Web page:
Three-dimensional visualization using solid-model methods: A comparative study of engineering and technology students
Gary Spencer Godfrey, Northern Illinois University, United States
Northern Illinois University . Awarded
This quasi-experiment investigated the research questions, “Will students achieve higher test scores if three-dimensional computer-aided modeling methods are used when teaching cognitive spatial visualization skills?” and “Will students with strong or weak background experiences achieve higher test scores if three-dimensional computer-aided modeling methods are used when teaching cognitive spatial visualization skills?”
Three intact classes of engineering graphics and two intact classes of technical drawing in a college of engineering at the university level were assigned to either the control or experimental groups. Both control and experimental groups received identical lectures. The control groups completed two-dimensional computer-aided design laboratory assignments. The experimental groups completed three-dimensional computer-aided modeling laboratory assignments. The treatment phase was for one term (16 weeks).
The Purdue Spatial-Visualization Test/Visualization of Rotations was used for evaluation purposes. This test was used as Pretest (Week 1), Posttest I (Week 9), and a Posttest II (Week 16). Each group's ability in cognitive spatial visualization was analyzed for its level of significance using the t test for independent means or one-way analysis of variance. The findings indicated that there were no significant differences between the three-dimensional and two-dimensional groups' performance at the first week (p = .319), ninth week p = .638), and 16th week (p = .079) intervals. The findings indicated that there was a significant (p = .028) difference between the two-dimensional strong and two-dimensional weak background experience groups' performance at the Week 1 interval. The two-dimensional strong background experience group performed at a higher level. There were no significant (p = .303) differences between the groups' performance at the eight-week interval. There was a significant difference (p = .022) between the three-dimensional weak and two-dimensional strong background experience groups at the l6th-week interval. The two-dimensional strong background experience group performed at a higher level. These findings should encourage teachers to incorporate and use three-dimensional methods of instruction.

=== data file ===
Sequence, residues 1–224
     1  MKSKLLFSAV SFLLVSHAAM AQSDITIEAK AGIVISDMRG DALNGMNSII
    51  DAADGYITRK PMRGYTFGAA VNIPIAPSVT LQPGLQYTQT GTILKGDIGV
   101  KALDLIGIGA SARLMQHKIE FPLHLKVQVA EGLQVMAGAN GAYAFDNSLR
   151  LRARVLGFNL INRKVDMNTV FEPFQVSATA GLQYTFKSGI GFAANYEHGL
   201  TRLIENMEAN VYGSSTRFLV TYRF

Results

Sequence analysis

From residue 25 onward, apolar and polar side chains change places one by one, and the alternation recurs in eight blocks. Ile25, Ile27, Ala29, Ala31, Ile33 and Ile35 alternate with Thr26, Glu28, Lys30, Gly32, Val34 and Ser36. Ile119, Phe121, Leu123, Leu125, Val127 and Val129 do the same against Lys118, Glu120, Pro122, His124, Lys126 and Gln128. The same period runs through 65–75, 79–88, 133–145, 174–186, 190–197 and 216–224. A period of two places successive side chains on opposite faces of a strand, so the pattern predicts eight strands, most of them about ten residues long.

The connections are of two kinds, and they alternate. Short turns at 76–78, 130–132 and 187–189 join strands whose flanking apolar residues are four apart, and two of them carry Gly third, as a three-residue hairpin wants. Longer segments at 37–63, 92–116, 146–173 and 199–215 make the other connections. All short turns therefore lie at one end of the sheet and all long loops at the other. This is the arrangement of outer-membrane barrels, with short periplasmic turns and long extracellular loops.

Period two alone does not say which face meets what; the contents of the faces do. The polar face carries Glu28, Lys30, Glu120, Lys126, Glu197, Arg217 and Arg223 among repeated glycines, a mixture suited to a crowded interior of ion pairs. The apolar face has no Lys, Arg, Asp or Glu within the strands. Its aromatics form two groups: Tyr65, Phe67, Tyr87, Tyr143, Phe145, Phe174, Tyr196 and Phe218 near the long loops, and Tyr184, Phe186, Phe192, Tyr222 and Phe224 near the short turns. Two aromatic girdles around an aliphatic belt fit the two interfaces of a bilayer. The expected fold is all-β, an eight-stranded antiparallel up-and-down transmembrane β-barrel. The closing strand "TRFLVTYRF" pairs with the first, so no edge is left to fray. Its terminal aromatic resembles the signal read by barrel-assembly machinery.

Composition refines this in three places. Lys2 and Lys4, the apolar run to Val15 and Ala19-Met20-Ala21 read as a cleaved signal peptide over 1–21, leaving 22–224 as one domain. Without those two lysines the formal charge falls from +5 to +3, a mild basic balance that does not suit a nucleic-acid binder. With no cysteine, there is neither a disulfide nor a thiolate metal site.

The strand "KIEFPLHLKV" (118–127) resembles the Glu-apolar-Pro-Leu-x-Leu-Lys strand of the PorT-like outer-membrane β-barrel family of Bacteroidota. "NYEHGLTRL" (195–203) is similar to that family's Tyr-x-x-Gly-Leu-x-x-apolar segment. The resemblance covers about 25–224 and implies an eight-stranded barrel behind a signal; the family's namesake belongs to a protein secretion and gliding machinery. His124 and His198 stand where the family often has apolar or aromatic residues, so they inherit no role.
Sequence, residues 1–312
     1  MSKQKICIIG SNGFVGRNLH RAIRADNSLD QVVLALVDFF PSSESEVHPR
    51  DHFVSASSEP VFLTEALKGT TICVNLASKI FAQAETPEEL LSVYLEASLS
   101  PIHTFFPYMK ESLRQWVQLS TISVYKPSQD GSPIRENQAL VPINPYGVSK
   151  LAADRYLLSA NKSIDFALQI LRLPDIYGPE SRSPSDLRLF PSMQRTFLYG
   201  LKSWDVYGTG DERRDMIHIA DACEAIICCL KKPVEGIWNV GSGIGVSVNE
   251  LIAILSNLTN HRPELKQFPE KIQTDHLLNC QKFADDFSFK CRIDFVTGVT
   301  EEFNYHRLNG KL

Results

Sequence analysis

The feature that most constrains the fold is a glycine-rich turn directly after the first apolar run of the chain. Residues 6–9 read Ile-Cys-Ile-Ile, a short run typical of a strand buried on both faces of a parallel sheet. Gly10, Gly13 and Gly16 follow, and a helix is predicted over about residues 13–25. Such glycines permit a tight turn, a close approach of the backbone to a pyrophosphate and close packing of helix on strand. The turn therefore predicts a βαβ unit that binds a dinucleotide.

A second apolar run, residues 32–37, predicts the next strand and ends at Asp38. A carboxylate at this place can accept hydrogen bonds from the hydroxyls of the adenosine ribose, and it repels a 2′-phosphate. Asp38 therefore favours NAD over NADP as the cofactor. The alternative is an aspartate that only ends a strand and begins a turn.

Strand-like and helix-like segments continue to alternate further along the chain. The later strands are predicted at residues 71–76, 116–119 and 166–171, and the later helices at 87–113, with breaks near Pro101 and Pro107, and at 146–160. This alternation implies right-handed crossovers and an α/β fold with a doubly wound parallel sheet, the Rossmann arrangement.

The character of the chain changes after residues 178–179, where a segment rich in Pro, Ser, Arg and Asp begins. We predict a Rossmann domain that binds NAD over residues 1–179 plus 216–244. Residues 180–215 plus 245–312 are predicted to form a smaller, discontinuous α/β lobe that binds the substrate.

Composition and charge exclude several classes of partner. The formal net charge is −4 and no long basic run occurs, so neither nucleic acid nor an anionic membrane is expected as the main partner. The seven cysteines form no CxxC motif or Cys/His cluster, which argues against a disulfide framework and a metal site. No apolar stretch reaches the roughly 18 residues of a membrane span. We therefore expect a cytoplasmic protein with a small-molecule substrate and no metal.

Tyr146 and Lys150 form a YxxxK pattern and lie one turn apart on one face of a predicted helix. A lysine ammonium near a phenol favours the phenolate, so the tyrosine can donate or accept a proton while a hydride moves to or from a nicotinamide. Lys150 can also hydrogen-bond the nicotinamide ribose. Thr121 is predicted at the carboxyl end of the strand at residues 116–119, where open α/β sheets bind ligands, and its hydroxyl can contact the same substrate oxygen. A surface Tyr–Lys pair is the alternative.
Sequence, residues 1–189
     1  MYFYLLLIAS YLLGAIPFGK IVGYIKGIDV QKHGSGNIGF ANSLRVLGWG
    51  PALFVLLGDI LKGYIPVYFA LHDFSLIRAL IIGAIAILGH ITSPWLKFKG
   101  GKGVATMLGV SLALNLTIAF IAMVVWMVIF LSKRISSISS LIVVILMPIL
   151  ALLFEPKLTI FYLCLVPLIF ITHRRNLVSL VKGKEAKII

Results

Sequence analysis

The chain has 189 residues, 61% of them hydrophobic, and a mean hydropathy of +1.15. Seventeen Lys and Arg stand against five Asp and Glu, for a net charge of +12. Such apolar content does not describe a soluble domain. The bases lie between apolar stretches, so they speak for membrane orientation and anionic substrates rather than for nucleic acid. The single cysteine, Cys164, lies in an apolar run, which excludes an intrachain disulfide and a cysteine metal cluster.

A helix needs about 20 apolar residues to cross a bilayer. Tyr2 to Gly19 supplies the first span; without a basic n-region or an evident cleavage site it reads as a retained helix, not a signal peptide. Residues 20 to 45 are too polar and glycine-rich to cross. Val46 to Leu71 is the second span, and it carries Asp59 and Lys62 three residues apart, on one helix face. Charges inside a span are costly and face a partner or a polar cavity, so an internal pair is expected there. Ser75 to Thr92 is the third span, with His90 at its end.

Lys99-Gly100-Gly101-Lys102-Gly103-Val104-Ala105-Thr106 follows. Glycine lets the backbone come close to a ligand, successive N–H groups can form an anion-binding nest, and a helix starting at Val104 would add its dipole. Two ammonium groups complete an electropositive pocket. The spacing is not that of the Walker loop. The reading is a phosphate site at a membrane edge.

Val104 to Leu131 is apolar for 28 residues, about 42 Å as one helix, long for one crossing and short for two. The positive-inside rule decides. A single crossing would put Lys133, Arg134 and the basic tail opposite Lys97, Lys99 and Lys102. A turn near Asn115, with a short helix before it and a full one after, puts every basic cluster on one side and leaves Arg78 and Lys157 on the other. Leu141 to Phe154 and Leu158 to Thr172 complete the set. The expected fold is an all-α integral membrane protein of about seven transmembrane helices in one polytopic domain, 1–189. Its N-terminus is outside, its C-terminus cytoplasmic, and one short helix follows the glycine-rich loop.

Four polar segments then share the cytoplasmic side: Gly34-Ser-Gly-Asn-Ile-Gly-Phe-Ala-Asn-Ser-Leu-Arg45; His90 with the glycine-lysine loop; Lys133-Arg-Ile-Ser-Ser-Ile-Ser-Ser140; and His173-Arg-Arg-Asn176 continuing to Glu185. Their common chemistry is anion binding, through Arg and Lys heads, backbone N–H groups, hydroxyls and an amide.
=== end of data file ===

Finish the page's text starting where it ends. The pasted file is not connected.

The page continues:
Godfrey, G.S. Three-dimensional visualization using solid-model methods: A comparative study of engineering and technology students. Ph.D. thesis, Northern Illinois University.
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